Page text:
Entry Methods and International Marketing Decision Making: An Empirical Investigation

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This paper investigates levels of adaptation and standardisation in international marketing tactics, and examines whether multinational companies are adapting or standardising their marketing mix elements in international markets. It is based on empirical research with some of the largest UK-based multinational companies. The research shows that both adaptation and standardisation are used at the same time within the respondent group. Levels of integration are dependent upon consideration of the relationship between the rationale for internationalisation and elements identified, and an understanding of how these are affected by a number of factors (one of them being Entry Methods, the factor under consideration here).

Keywords: International marketing planning, standardisation, adaptation, integration

I. INTRODUCTION

Within the field of international marketing the debate over the extent of standardisation or adaptation is of long duration. Vrontis and Vignali (1999) indicate that this debate commenced as early as 1961, when Blinder considered it with respect to worldwide advertising. During that period, advertising and the need for international standardisation, was at the heart of the debate (see Kanso and Kitchen, 2004). International advertising standardisation would have necessitated a common advertising approach for promotional campaigns of multinational organisations. This debate then expanded from advertising to the promotional mix, and now encompasses the entire marketing mix (see Schultz and Kitchen, 2000; Kanso and Kitchen, £004; Kitchen and De Pelsmacker, 2004).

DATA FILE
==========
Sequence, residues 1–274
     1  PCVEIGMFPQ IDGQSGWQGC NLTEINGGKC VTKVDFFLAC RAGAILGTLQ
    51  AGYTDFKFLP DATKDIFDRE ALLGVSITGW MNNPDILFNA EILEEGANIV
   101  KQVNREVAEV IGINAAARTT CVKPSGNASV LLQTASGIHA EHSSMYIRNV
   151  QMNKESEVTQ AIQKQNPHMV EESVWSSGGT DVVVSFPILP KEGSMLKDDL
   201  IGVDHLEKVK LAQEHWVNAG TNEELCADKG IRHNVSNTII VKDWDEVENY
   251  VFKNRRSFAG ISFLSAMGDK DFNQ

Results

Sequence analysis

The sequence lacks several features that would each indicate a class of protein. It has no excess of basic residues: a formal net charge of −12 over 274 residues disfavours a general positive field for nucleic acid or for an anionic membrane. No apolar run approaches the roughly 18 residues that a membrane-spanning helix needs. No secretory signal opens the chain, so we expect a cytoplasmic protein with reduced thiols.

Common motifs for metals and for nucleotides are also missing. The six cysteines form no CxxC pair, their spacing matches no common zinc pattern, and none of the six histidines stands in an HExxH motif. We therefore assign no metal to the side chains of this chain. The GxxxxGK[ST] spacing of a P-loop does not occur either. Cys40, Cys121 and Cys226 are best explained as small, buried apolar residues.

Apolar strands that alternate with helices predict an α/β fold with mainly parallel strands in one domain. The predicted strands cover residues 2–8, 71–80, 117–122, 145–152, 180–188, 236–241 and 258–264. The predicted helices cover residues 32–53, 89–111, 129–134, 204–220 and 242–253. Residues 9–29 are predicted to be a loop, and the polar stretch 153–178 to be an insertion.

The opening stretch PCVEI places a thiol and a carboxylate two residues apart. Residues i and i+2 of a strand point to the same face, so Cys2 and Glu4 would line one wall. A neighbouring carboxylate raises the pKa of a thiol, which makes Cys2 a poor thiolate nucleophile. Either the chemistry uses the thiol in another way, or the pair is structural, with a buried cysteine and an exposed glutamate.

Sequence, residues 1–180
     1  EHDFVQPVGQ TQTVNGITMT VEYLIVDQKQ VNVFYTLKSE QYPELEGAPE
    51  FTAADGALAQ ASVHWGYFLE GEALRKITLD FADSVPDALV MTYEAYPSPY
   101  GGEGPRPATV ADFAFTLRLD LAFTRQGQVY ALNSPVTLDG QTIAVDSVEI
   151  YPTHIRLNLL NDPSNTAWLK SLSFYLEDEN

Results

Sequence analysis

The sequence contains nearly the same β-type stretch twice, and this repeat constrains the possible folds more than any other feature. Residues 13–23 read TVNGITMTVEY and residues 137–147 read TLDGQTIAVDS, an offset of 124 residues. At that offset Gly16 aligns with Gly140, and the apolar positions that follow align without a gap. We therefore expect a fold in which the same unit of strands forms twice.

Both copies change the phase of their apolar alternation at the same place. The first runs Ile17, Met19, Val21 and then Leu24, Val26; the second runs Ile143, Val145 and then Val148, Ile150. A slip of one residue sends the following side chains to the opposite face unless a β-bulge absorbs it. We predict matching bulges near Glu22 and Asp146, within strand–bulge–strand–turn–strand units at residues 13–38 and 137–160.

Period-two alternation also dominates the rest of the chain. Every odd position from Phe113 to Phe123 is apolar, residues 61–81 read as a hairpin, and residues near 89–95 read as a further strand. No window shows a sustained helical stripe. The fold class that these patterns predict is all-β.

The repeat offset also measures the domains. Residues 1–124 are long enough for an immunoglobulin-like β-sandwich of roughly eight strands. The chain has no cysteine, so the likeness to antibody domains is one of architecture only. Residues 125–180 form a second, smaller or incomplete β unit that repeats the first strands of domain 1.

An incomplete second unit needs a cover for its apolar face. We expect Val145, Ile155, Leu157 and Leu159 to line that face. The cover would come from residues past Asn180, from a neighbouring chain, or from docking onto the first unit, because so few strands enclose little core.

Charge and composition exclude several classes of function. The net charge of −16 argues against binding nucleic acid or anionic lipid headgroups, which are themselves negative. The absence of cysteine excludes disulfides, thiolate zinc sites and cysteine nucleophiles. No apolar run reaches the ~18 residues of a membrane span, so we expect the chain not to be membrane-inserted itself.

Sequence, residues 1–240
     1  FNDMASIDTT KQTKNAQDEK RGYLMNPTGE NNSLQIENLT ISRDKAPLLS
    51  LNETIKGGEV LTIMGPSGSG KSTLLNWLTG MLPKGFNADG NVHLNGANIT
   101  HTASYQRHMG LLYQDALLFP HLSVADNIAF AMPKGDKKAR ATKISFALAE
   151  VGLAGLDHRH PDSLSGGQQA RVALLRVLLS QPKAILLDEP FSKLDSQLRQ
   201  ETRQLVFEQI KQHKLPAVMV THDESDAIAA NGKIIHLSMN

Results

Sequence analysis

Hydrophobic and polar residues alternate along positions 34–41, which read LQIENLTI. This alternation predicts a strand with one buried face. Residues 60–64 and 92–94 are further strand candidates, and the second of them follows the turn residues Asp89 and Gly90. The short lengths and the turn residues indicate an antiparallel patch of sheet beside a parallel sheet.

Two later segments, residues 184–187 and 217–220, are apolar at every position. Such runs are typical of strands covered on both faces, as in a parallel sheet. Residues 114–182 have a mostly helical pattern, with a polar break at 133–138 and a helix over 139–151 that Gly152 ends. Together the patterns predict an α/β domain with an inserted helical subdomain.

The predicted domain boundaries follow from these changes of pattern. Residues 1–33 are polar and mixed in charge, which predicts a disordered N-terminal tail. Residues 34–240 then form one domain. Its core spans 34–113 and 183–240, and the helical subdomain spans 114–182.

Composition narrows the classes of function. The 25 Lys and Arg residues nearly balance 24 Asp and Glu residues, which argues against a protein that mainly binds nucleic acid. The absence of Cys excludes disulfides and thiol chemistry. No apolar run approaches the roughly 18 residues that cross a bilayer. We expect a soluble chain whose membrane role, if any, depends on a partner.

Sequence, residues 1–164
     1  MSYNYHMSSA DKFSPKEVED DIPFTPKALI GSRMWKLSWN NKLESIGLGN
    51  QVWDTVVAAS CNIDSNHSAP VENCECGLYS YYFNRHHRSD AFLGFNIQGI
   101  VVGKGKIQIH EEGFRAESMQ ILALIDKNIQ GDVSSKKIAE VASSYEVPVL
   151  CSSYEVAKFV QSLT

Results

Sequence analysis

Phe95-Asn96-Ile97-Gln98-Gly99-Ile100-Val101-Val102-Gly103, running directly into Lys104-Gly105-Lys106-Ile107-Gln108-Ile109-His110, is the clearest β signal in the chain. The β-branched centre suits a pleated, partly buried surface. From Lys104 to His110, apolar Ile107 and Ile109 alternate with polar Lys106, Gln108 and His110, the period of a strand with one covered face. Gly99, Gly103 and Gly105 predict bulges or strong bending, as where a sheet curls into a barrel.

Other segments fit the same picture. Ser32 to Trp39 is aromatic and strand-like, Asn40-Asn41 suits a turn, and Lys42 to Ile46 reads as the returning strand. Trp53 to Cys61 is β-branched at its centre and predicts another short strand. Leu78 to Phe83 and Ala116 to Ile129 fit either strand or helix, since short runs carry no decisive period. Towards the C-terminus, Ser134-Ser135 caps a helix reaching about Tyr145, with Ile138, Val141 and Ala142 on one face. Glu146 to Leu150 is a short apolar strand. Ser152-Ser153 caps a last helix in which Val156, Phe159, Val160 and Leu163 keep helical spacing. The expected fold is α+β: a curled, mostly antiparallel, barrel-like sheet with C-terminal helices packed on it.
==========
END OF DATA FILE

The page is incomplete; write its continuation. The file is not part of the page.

Remarkably, nearly half a century later the debate on standardising marketing internationally is ongoing. Even a cursory review of the literature identifies two main approaches with remarkable longevity and robustness, namely - adaptation and standardisation of international marketing tactics.

Supporters of standardisation view markets as increasingly homogeneous and global in scope and scale and believed that the key for survival and growth is a multinational's ability to standardise products and services (Fatt, 1967; Buzell, 1968; Levitt, 1983; Yip 1996). On the other hand, proponents of adaptation such as Kashani (1989) indicate difficulties in using a standardised approach, and therefore support market tailoring and adaptation to fit the 'unique dimensions' of different international markets.

More specifically, supporters of the international adaptation school of thought argue that there are insurmountable differences between countries and even between regions in the same country (Papavassiliou and Stathakopoulos, 1997). It is argued that marketers are subject to a set of macro-environmental factors, such as culture, climate, race, topography, occupations, taste, law, culture, technology, and society (Czinkota and Ronkainen, 1998). Paliwoda and Thomas (1999) expand this list to include consumer tastes, disposable income, taxation, nationalism, local labour costs, literacy, and levels of education. Followers of this school stipulate that multinational companies should find out how to adjust marketing tactics and strategy and the accompanying marketing mix in terms of how they sell and distribute, in order to fit market requirements.

On the other hand, supporters of standardisation stipulate that consumers needs, wants and requirements do not vary significantly across markets or nations. The overall conceptual argument is that the world is becoming increasingly similar in terms of environmental factors and customer requirements, and irrespective of geographical locations, consumers have the same demands. For example, Theodore Levitt (1983) - in a milestone paper, argued that standardisation of the marketing mix and creation of a single strategy for the entire global market offers economies of scale in production and marketing and moreover is consistent with what he described as the 'mobile consumer'. …